Sorghum bicolor

Scientific Name Sorghum bicolor (L.) Moench
Common Names English: Sorghum, shattercane; German: Mohrenhirse; French: Gros mil, sorgho; Spanish: Maiz milo, mijo, sorgo; Portuguese: Sorgo
Description Sorghum is a vigorous usually annual grass that varies between 0.5 - 5.0 m (1.54 - 16.4 ft) in height. It originates from Africa. The plant produces one or several tillers, which emerge initially from the base and later from stem nodes. The root system consists of fibrous adventitious roots that emerge from the lowest nodes of the stem, below and immediately above ground level. Roots are normally concentrated in the top 0.9 m (2.95 ft) of soil but may extend to twice that depth and can extend to 1.5 m (4.9 ft) in lateral spread.

Descriptions

Characteristic Features

Big, thick stems, and whitish subglobose fruits.

Young Plant

Seedlings resemble those of johnsongrass and are indistinguishable from grain sorghum seedlings. Attached seeds resemble those of johnsongrass, but are mostly 2.5-4 mm (0.098 - 0.157 inch) wide.

Stems

Solid, usually erect. The center of the stem can be dry or juicy, insipid or sweet to taste. It also can become pithy with spaces.

Leaves

Leaves vary in number from 7 - 24, depending on the cultivar. They are borne alternately in two ranks. Leaf sheaths vary in length between 15 - 35 cm (5.9 - 13.7 inch) and encircle the stem with their margins overlapping. The leaf sheath often has a waxy bloom. Leaves are from 30 - 135 cm (11.81 - 53.14 inch) long and 1.5 - 13 cm (0.59 - 5.12 inch) wide, with a flat or wavy margin. Midribs are white or yellow in dry pithy cultivars or green in juicy cultivars.

Propagation Organs

Flowers

The flower is a panicle, usually erect, but sometimes recurved to form a goose neck. The panicle has a central rachis, with short or long primary, secondary and sometimes tertiary branches, which bear groups of spikelets. The length and closeness of the panicle branches determine panicle shape, which varies from densely packed conical or oval to spreading and lax.

Flowering Period

June-October.

Fruit

Grain is usually partially covered by glumes.

Seeds

Rounded and bluntly pointed, from 4 - 8 mm (0.16 - 0.31 inch) in diameter and varying in size, shape and color with cultivar.

Viability of Seeds

Up to 12 years.

Propagation

By seeds. Seeds usually mature and disperse earlier than those of the crop grain sorghum. Plants produce up to 2,000 seeds per inflorescence. The main germination period is from mid-spring through early summer.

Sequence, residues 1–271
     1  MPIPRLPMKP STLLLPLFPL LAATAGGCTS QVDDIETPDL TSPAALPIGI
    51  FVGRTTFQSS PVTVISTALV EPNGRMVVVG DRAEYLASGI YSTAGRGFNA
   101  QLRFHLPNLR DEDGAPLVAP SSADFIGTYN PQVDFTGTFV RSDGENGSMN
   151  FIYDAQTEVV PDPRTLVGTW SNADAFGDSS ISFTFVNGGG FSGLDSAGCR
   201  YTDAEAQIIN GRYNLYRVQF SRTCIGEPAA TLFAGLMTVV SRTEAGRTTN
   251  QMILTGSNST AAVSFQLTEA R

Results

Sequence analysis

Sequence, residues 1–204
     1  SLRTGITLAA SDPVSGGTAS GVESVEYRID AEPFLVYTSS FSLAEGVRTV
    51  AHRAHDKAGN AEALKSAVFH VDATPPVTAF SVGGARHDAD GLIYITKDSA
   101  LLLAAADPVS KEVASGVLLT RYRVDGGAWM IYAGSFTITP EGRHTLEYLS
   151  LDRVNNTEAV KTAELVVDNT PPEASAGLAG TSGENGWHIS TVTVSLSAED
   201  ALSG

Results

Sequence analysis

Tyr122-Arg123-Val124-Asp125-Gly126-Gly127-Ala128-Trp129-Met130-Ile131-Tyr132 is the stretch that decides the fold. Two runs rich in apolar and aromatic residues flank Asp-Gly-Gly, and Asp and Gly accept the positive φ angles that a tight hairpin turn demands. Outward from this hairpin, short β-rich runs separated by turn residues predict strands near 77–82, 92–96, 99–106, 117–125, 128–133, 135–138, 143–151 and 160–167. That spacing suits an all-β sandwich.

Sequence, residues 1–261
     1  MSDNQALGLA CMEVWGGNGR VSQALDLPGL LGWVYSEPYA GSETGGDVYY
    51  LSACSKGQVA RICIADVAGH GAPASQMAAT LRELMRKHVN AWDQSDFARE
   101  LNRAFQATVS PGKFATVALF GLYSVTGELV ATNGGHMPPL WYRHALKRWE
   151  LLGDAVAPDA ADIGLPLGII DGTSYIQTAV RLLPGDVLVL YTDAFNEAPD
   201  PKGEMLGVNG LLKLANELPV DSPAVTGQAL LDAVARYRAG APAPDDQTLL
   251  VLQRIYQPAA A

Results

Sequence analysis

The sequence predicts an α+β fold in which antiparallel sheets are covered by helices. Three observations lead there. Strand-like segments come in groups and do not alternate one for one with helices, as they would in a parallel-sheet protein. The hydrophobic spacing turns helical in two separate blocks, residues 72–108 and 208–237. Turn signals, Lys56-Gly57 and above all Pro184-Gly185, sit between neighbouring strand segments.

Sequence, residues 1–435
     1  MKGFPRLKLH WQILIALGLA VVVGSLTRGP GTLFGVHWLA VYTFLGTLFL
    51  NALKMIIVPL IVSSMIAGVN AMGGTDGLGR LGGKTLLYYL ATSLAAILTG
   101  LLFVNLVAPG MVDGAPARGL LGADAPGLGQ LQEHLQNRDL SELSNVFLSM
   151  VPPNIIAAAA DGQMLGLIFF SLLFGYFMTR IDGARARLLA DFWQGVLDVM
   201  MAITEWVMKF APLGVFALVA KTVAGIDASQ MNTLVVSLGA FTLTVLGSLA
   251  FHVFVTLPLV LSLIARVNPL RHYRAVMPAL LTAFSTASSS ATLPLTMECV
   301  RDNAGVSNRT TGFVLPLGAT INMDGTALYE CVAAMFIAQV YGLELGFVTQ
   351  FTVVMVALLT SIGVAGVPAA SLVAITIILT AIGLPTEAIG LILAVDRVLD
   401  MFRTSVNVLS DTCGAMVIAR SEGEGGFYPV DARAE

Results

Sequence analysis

Occurrence

Habitat

S. bicolor is adapted to a wider range of ecological conditions. It is mostly a plant of hot, dry regions. It still survives in cool weather as well as waterlogged habitat.

Soil

S. bicolor tolerates a wide range of soil types. It is well suited to heavy Vertisols found commonly in the tropics, where its tolerance to waterlogging is often required, but is equally suited to light sandy soils. It tolerates a wide range of soil pH from 5.0 - 8.5 and is more tolerant to salinity than corn. It is adapted to poor soils and can produce seeds/grain on soils where many other crops would fail.

Agricultural Importance

Sorghum bicolor is the primary Sorghum species grown for grain for human consumption and for animal feed. Sorghum bicolor includes all cultivated sorghums as well as a group of semi wild plants often regarded as weeds. Commercial sorghum pollinated by shattercane produces seed that is indistinguishable from commercial sorghum seed. Contaminated commercial seed produces weedy and off-type Sorghum plants that are distinguishable only when the crop reached the flowering stage. In the corn belt of the United States of America, shattercane is a very serious and difficult to control weed in corn and forage sorghum. It can hybridize with all sorghums. In North America, shattercane provides excellent winter and loafing cover for pheasants and quail. Seeds are often eaten by birds.

Control

Useful non-chemical contribution to Integrated Weed Management

Equipment cleaning after use in infested fields and confining livestock that has had access to mature sorghums for about 1 week can prevent introduction of weedy sorghum seeds into uninfested fields. Deep plowing reduces seed germination by burying seed, but it prolongs seed survival. Crop rotation, especially to competitive crops such as alfalfa, small grains, or perennial grasses can help control infestations by suppression.

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